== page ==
While there are graphite projects under development in Europe, the cost and scale required to displace Chinese production means the larger-scale projects under development are situated in Africa.
“With that said, European projects have great potential to develop integrated anode solutions by developing processing capacity for the anode supply chain,” Miller explained.
“At this value-added step in the supply chain, project economics are less concerned with mining costs and leveraged more on value-added capabilities.”
Shaw is also optimistic on Europe’s potential, saying China is looking to move away from mining to downstream added-value production.
“It is already importing increasing amounts from Africa, and there is the opportunity for more capacity to come online to feed the booming battery market,” she said. “Europe could be a part of this — with the right deposit that can compete.”
In 2020, the European Commission published a study on critical minerals, which shows that Europe’s graphite mine production during the 2012 to 2016 period was about 2,000 tonnes, equivalent to around 0.2 percent of global output.
When looking at European countries with resources and reserves of natural graphite, the following nations are highlighted by the study:
Austria is currently home to the Kaisersberg mine, which produces amorphous graphite. The Austrian Federal Mining Office shows that graphite has been mined at Kaisersberg since 1755, and the mine is currently operated by Grafitbergbau, a privately owned company. Kaisersberg has proved ore reserves of 160,000 tonnes and mineral resources of 1.5 million tonnes.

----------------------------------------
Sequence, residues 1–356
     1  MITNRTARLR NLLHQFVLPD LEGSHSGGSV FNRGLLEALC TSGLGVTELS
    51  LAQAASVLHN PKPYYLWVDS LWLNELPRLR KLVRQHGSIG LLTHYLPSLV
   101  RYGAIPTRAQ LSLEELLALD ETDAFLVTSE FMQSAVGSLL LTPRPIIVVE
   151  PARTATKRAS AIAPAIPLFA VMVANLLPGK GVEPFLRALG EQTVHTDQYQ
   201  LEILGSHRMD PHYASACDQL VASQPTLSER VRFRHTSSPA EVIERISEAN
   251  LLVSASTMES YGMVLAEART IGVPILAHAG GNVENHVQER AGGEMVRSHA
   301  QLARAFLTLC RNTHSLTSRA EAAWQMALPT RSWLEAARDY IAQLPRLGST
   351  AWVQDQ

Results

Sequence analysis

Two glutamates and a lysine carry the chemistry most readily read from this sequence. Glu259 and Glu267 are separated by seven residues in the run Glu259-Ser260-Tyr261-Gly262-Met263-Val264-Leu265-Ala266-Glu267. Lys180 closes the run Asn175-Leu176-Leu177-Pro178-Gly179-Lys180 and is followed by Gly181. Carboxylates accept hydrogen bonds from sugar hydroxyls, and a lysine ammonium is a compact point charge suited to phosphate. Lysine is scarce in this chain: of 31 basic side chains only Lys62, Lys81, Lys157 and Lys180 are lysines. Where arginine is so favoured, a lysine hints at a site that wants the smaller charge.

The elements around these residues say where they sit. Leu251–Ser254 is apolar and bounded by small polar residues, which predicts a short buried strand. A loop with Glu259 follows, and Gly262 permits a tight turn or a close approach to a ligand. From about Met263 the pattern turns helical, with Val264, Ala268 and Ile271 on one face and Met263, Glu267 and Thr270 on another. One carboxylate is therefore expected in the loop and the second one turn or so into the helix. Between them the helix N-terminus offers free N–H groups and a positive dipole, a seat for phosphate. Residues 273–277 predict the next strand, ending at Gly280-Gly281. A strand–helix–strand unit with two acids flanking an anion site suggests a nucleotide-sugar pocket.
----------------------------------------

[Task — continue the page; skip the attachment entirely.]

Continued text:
In Czechia, eight graphite deposits were registered by the Czech Geological Survey in 2017:
- Amorphous graphite deposits include Velké Vrbno-Konstantin, Bližná-Černá v Pošumaví, Český Krumlov-Rybářská ulice and Velké Vrbno-Luční hora 2.
- Flake graphite deposits include Český Krumlov-Městský vrch, LazecKrenov and Koloděje nad Lužnicí-Hosty.
- There is also the Spolí mixed — amorphous and flake — graphite deposit.
In Finland, Beowulf Mining’s (LSE:BEM) Oy Fennoscandian Resources operates the Aittolampi flake graphite deposit, which is under exploration.
During 2019, further drilling at Aitolampi supported an upgraded mineral resource estimate, with an 81 percent increase in contained graphite compared to the 2018 estimate for the higher-grade western zone; the global indicated and inferred mineral resource was upgraded to 26.7 million tonnes at 4.8 percent total graphitic carbon for 1.275 million tonnes of contained graphite.
In March 2021, the company awarded a contract to Afry Finland Oy to conduct a scoping study to provide a roadmap for the next project development stage, most likely a prefeasibility study.
Since Fennoscandian was acquired in January 2016, Beowulf has invested over 1.56 million euros in graphite exploration, resource development, metallurgical testwork and the assessment of market applications for graphite from Aitolampi, including lithium-ion battery applications.
Germany is home to the Kropfmühl mine, which restarted in 2012 and produces flake graphite. The mine is held by AMG Graphite, which also produces graphite through its mines and vertically integrated production facilities in Germany, the Czech Republic, Sri Lanka, China and Mozambique.
Skaland is the largest crystalline graphite producer in Europe, and the fourth largest producer globally outside of China; it accounts for around 2 percent of global annual natural flake graphite production. Skaland is presently the world’s highest-grade operating flake graphite mine with mill feed grade averaging about 25 percent carbon in 2019.
There are a number of graphite deposits in Sweden, including Leading Edge Materials’ (TSXV:LEM,OTCQB:LEMIF) Woxna mine. It has a production facility that currently does not produce graphite commercially, but is kept in production-ready mode.
In terms of exploration and development in the country, the most advanced project for commercial production is the Vittangi project in Sweden, owned by Australian company Talga Resources (ASX:TLG). Talga is also exploring the Jalkunen and Raitajärvi projects in Sweden.
Natural graphite processing in Europe